Researchers at MIT have discovered that when nanowires just billionths of a meter thick are inserted into liquids, they passively draw it upwards along its length without any outside power or suction. It's like the world's tiniest Dyson that you never have to find an outlet to plug in.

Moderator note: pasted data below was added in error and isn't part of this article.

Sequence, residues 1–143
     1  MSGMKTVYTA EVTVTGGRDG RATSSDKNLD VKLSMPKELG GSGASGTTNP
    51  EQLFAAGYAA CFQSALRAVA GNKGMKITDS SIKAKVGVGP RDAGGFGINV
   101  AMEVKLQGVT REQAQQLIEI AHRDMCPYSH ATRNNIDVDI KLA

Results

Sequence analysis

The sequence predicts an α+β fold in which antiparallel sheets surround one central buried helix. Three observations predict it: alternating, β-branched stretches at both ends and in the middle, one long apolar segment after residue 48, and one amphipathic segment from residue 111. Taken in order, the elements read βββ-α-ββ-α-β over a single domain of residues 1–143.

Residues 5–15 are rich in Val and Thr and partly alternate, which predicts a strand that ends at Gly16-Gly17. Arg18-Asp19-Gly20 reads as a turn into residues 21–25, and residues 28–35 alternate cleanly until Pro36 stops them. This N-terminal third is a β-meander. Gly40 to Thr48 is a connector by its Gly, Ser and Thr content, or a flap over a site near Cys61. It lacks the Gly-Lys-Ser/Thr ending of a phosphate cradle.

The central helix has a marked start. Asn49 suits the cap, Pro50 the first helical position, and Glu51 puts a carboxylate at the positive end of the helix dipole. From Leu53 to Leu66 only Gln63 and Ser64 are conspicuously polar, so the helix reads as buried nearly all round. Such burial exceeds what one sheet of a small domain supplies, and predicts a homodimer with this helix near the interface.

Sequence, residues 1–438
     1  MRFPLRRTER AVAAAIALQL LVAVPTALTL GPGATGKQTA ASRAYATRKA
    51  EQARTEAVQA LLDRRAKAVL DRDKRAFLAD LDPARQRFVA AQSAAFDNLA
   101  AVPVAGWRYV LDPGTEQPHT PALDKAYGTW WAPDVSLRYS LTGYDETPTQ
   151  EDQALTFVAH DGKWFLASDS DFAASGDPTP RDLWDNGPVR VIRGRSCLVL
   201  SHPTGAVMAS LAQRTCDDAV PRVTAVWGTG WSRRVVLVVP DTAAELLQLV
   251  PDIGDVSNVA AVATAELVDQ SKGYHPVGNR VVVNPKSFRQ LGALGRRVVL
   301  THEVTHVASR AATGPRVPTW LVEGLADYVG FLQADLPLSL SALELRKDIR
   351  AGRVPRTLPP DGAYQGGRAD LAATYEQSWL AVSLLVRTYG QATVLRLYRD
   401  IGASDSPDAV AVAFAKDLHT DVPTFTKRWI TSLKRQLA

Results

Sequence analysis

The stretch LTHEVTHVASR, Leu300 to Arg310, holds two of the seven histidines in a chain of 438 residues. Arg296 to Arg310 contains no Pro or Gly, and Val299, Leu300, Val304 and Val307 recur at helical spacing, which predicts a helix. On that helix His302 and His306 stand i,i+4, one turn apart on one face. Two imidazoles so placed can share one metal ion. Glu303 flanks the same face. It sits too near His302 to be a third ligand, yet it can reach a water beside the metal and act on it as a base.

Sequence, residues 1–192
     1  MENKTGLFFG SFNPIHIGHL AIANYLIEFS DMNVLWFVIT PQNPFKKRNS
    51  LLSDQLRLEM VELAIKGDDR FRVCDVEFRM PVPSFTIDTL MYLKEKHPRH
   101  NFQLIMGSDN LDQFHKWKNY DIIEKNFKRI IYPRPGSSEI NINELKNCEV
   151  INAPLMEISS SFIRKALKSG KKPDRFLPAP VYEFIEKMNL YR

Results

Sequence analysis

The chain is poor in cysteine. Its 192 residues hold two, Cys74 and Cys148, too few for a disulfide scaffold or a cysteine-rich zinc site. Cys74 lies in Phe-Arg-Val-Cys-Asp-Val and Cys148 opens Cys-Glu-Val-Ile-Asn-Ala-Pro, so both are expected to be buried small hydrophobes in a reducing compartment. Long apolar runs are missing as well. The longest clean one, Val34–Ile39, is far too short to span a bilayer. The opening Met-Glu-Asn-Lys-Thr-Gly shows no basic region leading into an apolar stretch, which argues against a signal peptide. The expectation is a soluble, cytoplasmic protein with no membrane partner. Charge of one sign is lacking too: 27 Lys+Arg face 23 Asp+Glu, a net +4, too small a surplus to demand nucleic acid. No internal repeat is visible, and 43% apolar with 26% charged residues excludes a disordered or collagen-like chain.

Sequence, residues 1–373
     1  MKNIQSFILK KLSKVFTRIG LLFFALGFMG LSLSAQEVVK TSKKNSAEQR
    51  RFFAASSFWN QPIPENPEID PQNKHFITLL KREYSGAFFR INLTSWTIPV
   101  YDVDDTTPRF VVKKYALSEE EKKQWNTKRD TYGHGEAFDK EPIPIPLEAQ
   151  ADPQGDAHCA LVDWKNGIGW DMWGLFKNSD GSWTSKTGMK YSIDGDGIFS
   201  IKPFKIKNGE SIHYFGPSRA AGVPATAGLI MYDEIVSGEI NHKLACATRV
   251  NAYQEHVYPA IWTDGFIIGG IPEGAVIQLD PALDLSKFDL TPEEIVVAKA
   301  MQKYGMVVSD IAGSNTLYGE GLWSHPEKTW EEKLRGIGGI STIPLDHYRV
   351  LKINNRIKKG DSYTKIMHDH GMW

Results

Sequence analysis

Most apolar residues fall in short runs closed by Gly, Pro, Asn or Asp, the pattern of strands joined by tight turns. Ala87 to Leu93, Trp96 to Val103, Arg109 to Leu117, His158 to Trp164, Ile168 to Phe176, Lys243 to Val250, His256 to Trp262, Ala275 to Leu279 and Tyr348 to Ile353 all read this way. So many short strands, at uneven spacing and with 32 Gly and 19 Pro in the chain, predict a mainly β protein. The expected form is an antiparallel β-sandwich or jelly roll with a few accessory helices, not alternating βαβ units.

The phenomenon is commonly known as capillary action—where liquids naturally flow through narrow spaces—but in this instance it occurs on the outside of the nanowire. Using special equipment that provided the first detailed footage of this phenomenon in action, the researchers also found that the liquid would collect in areas where nanowires crossed, building up tiny reservoirs. Once fully understood this discovery could be used for microscopic medical machinery that won't be dependent on an outside power source, and—as boring as they might be—even better inkjet printers.